Ball head Tag

Because it's mine. It  wasn't yesterday morning when I went into the Stirling Street shop to take illustration images for the weblog. I propped up my portable product set on an unused counter top and went round gathering whatever was new. I noted that the Sony shelves were being stocked with fresh lenses and bodies - and it is darned nice to see the new display cabinetry moving toward completion in the front of the shop. Dangerous, though. The sight of new equipment, well-displayed, penetrates deep into the soul of a lot of us. There are jokes about Gear Acquisition Syndrome and how much photographers like to buy things - and there is more than a grain of truth in the humour. You must know the truth - that same desire is often in the management and staff. We love all aspects of photography; images, art, knowledge, personalities...

Some years ago, the pistol grip  was a popular thing. You saw them on a lot of things; umbrellas, stick shifts, and .44 Army Colts amongst other things. They also appeared on photographic ball heads. The idea was that the pistol grip would make it easier to point a camera and lens on the ball head for action shots. You saw advertisements for these grips with long birding  or sports lenses. We sold several varieties - I remember them from Italian and Japanese makers. They may still be made. There is a new head in the Stirling Street  shop that is along these lines - but with a very important improvement. It is all to do with ergonomics. The Vanguard Alta GH-100 hs a lot of the same features as the older rivals; adjustable grip angle, centralised weight over the tripod, quick release plate, etc. But it scores a new point with an improved ergonomic feature - the release mechanism no longer involves opening your hand to open the lock. You can keep a very firm grip on the whole structure while releasing...

You never know what these things do - you never know that you want them. Till you see them. I can't tell you what the little metal spider is called - it was sitting in the Edelkrone rack at the Stirling Street store all folded up like a dead arachnid. The fact that it had a 3/8 in. treaded stud on the top sort of gave away that it might be to support a ball head or other camera device, but that was all. Then I tried unfolding it and it refused to open - until I figured out that the legs only open one way -and once they are out, the structure can spread like an " X ". At this point the rubber feet that form the ends of the legs set onto a flat surface and the whole device starts to make sense. It also starts to be a very sturdy support. A little more experimentation shows that the stiffness of the joints in the arms is deliberate - you can set them at intermediate points and they will...

Every so often I find a cache of goods in our storeroom that do not sit on the racks downstairs - there is only so much space inside a concrete building and you have to leave room for the staff to sidle sideways. But the fact that the items are not on the general show doesn't mean that they should not be seen - someone may benefit greatly from them. The winner with today's find is the studio worker who will be using a really heavy camera and lens setup that needs to be both rocks solid and reasonably compact. The Cullmann Titan TB 8.2 is all that and incorporates a unique feature to secure the camera. We've all gone to some trouble to make sure our cameras are secure on the tripods we choose - many people attaching quick-release plates or brackets to the bottom of digital cameras. These work fine if the tripod head has a correspondingly sturdy shoe and grip to hold the thing. But many large format and oddly-shaped cameras don't sit well on quick release plates. They...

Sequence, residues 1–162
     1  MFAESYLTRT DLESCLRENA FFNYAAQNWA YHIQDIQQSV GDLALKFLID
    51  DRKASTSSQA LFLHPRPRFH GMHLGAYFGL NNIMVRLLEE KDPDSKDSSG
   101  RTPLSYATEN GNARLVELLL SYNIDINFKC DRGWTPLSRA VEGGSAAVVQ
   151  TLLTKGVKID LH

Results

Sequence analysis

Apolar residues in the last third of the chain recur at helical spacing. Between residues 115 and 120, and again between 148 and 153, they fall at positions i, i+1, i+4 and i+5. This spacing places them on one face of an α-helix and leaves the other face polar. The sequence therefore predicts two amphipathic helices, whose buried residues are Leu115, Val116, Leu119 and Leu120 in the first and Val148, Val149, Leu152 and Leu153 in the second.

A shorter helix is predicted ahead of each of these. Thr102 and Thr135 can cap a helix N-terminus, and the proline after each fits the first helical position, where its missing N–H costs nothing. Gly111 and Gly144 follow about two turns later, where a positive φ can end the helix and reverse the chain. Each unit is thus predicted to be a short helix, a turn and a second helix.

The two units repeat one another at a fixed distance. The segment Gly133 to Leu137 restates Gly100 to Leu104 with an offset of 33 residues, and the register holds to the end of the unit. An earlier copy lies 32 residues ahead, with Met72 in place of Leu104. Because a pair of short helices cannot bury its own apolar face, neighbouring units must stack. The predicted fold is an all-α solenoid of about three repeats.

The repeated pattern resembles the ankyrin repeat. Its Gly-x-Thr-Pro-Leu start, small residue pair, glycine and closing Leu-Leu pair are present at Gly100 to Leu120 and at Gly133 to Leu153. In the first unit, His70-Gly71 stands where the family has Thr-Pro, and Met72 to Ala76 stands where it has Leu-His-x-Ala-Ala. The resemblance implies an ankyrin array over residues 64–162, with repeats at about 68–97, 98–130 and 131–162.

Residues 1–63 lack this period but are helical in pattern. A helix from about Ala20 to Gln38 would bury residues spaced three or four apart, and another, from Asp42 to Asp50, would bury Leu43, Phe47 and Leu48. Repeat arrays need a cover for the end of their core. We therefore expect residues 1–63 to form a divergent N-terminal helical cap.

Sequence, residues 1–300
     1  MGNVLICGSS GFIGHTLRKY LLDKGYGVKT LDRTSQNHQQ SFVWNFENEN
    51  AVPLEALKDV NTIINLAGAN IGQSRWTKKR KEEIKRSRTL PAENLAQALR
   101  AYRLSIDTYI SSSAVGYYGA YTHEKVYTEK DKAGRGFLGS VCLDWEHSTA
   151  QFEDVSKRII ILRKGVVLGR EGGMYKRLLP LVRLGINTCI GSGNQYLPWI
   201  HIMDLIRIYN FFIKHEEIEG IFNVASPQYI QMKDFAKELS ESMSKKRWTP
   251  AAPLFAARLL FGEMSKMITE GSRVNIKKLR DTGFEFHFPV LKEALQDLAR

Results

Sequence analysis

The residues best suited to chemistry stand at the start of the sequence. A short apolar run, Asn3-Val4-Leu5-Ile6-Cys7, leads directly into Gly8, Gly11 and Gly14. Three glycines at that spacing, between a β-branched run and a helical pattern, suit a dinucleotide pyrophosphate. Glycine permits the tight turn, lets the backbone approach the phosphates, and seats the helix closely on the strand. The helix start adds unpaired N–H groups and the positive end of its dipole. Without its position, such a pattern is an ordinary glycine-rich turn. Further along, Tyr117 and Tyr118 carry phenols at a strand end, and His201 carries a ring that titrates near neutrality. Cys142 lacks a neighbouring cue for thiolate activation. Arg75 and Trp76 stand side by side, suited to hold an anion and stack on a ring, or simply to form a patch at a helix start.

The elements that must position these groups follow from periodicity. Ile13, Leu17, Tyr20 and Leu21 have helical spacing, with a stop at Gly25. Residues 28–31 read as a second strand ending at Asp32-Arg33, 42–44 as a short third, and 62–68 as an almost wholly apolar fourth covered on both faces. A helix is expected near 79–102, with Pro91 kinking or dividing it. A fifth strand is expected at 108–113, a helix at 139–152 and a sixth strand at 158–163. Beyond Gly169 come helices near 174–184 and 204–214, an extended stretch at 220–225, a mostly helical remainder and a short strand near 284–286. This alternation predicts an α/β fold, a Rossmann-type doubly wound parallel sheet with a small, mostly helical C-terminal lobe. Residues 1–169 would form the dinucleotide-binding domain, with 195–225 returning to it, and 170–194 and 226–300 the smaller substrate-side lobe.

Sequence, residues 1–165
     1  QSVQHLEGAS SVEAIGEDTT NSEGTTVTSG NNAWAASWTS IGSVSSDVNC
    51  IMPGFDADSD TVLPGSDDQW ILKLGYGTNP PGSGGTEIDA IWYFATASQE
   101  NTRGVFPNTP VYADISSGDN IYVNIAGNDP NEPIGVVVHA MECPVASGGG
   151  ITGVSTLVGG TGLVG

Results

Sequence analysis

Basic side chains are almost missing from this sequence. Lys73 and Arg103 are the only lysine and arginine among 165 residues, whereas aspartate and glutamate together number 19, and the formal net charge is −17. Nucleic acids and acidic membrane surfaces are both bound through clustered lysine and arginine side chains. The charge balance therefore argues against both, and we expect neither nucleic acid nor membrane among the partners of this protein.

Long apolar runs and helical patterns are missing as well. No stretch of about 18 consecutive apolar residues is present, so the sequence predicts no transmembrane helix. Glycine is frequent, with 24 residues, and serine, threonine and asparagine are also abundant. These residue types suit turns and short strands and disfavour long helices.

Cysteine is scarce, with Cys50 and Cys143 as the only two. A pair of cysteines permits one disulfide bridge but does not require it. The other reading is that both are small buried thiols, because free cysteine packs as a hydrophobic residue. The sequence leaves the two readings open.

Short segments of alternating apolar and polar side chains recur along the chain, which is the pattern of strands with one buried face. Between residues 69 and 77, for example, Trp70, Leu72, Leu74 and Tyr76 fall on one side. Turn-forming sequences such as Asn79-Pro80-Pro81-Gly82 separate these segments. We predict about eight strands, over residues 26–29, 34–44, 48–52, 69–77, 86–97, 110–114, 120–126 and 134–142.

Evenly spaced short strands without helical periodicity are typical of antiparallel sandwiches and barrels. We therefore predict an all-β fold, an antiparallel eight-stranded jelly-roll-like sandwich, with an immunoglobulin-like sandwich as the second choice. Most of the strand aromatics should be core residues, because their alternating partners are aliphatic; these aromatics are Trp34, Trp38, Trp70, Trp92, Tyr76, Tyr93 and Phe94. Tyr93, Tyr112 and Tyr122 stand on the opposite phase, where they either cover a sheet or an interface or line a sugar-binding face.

Or how to go viral without going bacterial. When I pulled the Joby Gorillapod Mobile RIG off the Murray Street rack this week I thought of it as just another trendy apparatus to do interviews with. It wasn't until I looked more closely at the illustration on the front of the packet that the true nature hit me - this is a rig designed for the inveterate vlogger and selfist. And it's made to go out in the field to capture the full horror. Actually, it's rather an engaging little fellow - like a small mannequin holding up a camera, light, microphone, and mobile phone as a monitor screen. I would suppose that the phone is simultaneously streaming whatever is being recorded of the speaker to the social media and/or external storage. Well, if you're going to do it, this is a good way of getting a steady image and watching yourself as you do it. The Gorilla Pods have always been effective as mini tripods or wrapped around solid structures. Not so sure about the footage taken if you're going to hold...

When you buy a tripod, do you select the legs and then consider shopping for the head as a separate item? Or do you just accept whatever package the manufacturer decides to box up? Both approaches are valid, but this time we'll consider someone making a deliberate judgement. That someone is Carlos - and I showed you his pick of a Leofoto tabletop tripod that can unfold for extra leg length a few weeks ago. He's not just selecting on an idle basis - he paid out his own spending money for the rig. Now he has picked a particular ball head to go with it. The Leofoto LH25 is still a small head - in keeping with the size and form of the legs. But it has a massive ball for the size of the head and a very sturdy cage around it. Best of all, it is Arca Swiss compatible with a small grip and a large clamping knob - you can put sufficient pressure on the A/S rail to hold a decent-sized camera body. You also get something that many ball head...

It is rare that you encounter a piece of photographic equipment that is arrogant. But look at the featured image of the Joby Ballhead X. If that isn't throwing the head back, holding the sides, and laughing at you...